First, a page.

• In most cases the smaller the newborn is, the harder it is for him/her to latch on. They have to put more effort and they get tired faster. Usually twins are born having a smaller weight than a single baby. Anisia and David were born weighing approximately 2 kilograms each.  The effort they made trying to breastfeed was much bigger comparing to a baby weighing between 3 – 4 kg. That’s why while trying to nurse, Anisia and David would get tired quickly. They would fall asleep or refuse to continue trying any more. Despite all the difficulties, the first days are very important and is crucial to “practice” and “practice”, but… with a lot of patience and sympathy. For me everything was new and unknown. I was felt lost and perplexed. I was thinking to myself: “OMG, I cannot breastfeed even one baby, what will I do with two of them?!!”. The good thing is that in the hospital I asked a lot of questions to the nurses.  They helped and explained a lot of things that turned out useful later on. It is very, very important at the beginning to clarify everything which seemed unclear and unrealistic. It is absolutely normal to have many questions in the beginning and asking is the only way to learn and gain experience.


  • There are different variations of nipples, such as regular, flat and inverted. I searched for information and Breastfeeding Basics had explained very clear how we can know the type of our nipple: “Before your baby is born, it is helpful to know what type of nipples you have. However, flat and inverted nipples are less easy for your baby to latch on to. It is very important to inform you regarding this before the baby is born.  I checked on internet for details and Breastfeeding Basics are explaining very good how you can find out what nipples do you have: “The first thing you need to do is determine whether your nipples really are flat or inverted. You can do this while you are pregnant by performing a simple “pinch” test: Hold your breast at the edge of the areola between your thumb and index finger. Press in gently but firmly about an inch behind your nipple. If your nipple protrudes, that’s great. If it does not protrude or become erect, it is considered flat. If it retracts or disappears, it is truly inverted. Nipples that are severely flat or inverted will not respond to stimulation or cold by becoming erect. If you perform the pinch test and your nipples protrude, they aren’t truly inverted and will probably not cause any problems when you nurse your baby. I remember for me it seemed sooo strange. What? There are different types of nipples??! Does it really matter what kind they are? Does my nipple make it more difficult for my babies to grab onto? Well, it would have been easier for me had I gotten informed in advance.”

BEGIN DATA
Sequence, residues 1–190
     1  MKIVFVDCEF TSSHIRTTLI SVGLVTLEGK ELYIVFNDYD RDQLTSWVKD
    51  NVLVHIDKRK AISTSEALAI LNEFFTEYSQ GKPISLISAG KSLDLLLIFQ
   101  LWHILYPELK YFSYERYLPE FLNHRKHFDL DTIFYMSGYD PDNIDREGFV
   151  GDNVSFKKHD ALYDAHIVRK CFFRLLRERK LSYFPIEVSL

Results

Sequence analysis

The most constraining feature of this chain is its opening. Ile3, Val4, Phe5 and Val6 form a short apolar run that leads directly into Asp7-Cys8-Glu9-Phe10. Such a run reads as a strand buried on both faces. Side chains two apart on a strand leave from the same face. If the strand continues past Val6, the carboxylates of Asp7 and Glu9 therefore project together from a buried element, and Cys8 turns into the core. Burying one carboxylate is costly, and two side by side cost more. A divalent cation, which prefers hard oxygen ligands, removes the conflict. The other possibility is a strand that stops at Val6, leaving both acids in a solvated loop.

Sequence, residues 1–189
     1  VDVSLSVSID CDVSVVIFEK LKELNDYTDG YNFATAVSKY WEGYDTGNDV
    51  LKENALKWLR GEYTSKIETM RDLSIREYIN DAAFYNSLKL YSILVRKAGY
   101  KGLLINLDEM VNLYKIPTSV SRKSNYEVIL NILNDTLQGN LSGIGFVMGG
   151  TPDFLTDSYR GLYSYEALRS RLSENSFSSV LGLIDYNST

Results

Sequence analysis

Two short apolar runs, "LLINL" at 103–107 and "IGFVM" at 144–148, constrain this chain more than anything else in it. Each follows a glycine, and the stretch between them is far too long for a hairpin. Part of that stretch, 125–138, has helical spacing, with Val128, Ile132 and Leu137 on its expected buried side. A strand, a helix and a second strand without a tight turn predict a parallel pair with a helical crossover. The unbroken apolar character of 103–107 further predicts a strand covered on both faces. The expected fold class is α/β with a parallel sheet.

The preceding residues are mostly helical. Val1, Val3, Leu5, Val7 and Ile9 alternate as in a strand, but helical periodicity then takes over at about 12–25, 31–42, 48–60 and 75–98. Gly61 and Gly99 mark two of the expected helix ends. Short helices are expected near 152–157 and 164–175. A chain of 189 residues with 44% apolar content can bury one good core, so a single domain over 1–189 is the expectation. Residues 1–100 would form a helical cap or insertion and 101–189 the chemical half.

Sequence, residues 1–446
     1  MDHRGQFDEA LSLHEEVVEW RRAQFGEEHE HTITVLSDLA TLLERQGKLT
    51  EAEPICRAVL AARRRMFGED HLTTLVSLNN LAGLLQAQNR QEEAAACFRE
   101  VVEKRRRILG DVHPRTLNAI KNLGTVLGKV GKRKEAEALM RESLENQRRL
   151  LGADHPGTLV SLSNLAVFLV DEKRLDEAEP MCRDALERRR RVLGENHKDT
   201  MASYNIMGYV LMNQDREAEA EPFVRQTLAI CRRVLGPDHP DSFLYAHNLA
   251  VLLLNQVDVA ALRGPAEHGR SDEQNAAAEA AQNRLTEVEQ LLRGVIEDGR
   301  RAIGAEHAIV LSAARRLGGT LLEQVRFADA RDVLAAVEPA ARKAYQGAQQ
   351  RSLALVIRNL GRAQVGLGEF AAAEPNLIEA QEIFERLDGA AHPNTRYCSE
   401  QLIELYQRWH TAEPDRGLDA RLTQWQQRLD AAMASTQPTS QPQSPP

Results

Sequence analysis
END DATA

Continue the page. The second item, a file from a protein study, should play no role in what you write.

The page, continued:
• Some babies are not able to take the nipple by themselves. So you’ll have to help them do it. In our case both of my babies needed help. It was not as easy as it seemed at the beginning and it took several weeks until Anisia and David got used to take the nipple without help. But I “practiced” a lot especially in the hospital and I always asked a nurse to sit next to me and correct if necessary while I was doing this. They had a lot of experience, because they’ve seen a lot of moms with their babies before me and my kids and most probably after, and were able to give the best advice at that moment. They helped me a lot, especially because I was disoriented and I was losing self-confidence with every failed attempt. In such cases it is very important to believe in yourself and know that the moment when babies will nurse without help will come. I remember how unrealistic it seemed at that point.